Elles sont Charlie

Mérat (left) and Décombe, French students at Queens, believe that France will rebound from the events surrounding Charlie Hebdo.

Charlotte Mérat (left) and Ezaline Décombe, French students at Queens. Photo by Connor Keith.


Two French students attending Queens agree with the French media: “It’s our 9/11.”

Ezaline Décombe and Charlotte Mérat are both seniors at Queens. Mérat lives in Fontainebleau, approximately 45 minutes southeast of Paris, while Décombe comes from Nice, roughly 430 miles (approximately the distance from Charlotte to Indianapolis) southeast of the nation’s capital, along the Mediterranean Sea. Neither was in Paris on January 7, the day of the attack on Charlie Hebdo, but they certainly felt the effects.

Mérat was in her home, shocked by what she witnessed on her television screen. In the days following, she heard helicopters, witnessed police checking bags, and noticed security at synagogues. She needed to go into Paris, but these details distressed her so much that she quickly returned home.

“You don’t know where they are,” she said, speaking of the attackers then at large. “You feel afraid…”

Although neither Décombe nor Mérat reads Charlie Hebdo regularly, they still believe in the publication and what it stands for. They both view the writers as heroes, as “even though their lives were in danger, they continued to work and make people laugh.”

“I want it to continue… it’s a part of our culture,” Mérat said. “I want it to continue to not let the terrorists to win.”

“I may not always agree with Charlie Hebdo, but I still believe in free speech,” agrees Décombe. “Freedom is important.”

They stressed how important it is to the French nation that they have their freedoms. They are particularly proud of one trait in their nation’s government – laïcité, or national secularism. They say that like many French people, they do not bring up their faith when talking to others unless they have a very close relationship. This differs from their perception of many Americans.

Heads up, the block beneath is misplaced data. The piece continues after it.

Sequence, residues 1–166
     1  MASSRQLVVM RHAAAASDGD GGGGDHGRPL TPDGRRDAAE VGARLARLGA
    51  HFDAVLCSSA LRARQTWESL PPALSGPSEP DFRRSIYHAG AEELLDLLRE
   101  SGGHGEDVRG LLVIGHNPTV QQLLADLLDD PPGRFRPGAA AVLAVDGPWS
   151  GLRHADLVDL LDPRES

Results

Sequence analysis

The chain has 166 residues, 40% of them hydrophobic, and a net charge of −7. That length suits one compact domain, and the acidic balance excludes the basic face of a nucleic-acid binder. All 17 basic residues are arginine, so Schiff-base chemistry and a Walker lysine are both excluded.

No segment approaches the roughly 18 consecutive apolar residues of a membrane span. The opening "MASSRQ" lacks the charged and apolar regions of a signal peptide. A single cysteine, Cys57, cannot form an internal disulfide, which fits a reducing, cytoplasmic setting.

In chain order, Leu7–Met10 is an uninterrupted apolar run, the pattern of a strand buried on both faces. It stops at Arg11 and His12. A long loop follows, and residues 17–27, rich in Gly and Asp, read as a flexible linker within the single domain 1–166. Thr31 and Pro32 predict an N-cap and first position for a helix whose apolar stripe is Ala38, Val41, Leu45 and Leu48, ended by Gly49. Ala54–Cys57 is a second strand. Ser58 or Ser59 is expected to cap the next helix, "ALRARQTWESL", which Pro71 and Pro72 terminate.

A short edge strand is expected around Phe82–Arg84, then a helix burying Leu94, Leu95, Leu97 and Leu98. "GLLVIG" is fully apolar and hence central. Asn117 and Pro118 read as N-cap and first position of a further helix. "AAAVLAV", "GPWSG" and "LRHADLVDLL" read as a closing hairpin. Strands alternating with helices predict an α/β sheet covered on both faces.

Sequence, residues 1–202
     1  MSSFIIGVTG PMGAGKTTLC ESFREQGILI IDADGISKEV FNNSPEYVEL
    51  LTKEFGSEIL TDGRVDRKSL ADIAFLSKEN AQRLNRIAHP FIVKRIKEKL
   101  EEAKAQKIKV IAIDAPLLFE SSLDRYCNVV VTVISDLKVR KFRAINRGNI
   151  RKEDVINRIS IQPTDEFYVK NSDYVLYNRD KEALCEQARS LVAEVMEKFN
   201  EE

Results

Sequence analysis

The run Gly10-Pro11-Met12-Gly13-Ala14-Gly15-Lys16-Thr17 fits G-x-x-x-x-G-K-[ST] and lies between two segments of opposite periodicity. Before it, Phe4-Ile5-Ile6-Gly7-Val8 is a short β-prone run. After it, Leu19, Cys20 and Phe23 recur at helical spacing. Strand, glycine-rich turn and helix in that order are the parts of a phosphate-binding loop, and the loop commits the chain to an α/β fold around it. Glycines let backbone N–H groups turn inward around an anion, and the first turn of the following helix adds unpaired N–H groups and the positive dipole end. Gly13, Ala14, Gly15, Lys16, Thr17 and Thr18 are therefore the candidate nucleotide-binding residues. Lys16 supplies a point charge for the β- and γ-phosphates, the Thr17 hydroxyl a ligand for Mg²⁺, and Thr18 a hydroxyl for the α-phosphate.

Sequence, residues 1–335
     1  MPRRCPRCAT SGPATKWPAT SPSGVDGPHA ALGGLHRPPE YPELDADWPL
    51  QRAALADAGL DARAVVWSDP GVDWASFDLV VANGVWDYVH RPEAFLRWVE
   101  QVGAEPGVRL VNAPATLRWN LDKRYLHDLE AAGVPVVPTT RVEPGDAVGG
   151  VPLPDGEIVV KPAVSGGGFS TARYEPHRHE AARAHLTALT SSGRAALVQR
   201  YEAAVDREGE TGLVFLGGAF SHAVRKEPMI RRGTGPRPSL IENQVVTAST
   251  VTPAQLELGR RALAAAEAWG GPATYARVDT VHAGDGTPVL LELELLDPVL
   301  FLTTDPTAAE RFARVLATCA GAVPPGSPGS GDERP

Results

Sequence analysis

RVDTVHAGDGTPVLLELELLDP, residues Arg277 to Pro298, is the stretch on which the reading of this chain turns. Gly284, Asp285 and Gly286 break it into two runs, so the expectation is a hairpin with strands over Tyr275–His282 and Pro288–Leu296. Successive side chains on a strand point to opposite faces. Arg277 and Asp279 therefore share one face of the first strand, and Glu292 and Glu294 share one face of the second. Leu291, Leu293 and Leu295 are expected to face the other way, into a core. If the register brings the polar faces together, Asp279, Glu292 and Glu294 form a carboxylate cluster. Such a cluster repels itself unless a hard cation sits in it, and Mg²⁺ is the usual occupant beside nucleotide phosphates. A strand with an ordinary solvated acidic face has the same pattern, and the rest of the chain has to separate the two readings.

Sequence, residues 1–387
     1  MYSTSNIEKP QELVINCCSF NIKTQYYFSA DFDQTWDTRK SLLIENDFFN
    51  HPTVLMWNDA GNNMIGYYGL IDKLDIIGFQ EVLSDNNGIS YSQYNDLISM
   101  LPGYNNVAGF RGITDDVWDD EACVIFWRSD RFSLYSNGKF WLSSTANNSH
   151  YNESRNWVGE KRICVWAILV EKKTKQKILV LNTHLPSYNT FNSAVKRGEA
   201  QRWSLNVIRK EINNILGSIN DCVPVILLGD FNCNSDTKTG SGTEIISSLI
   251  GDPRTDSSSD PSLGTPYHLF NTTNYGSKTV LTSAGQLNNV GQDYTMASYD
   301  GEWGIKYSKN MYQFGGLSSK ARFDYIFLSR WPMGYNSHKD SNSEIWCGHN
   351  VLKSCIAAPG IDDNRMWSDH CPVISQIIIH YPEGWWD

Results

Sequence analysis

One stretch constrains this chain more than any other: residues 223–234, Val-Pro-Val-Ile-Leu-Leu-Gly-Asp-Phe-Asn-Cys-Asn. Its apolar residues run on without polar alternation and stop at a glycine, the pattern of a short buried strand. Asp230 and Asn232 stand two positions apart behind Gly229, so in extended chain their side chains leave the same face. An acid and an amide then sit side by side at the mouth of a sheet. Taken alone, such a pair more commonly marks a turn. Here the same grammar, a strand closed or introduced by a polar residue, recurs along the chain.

“Religion is not shared or public; religion is personal,” Mérat said. “It is kept within the family.”

In 2004, this trait was expanded upon by the French government limiting all religious symbols in public settings. Both Décombe and Mérat agree that this may have been an initial stressor in some religious communities and fear that more terrorism will occur due to this.

In fact, this was not the first terrorist attempt this year. Police “stopped five [attacks] before this since Christmas,” Mérat explained.

Although they fear that attacks may continue, they are confident that their countrymen and women will overcome. They are proud that the evening of January 7 was not filled with French hiding in their homes, but instead with many French cities holding marches against terrorism. These marches included the public as well as religious and national leaders.

They’ve heard about terrorist attacks happening in other countries, but never has one occurred in their homeland to this extreme. “When it’s in your country, you personally feel attacked,” they said. They say they believe that France will grow from their 9/11, just as America did from its own.

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Published by students of Queens University of Charlotte, 1900 Selwyn Avenue, Charlotte, N.C. 28274.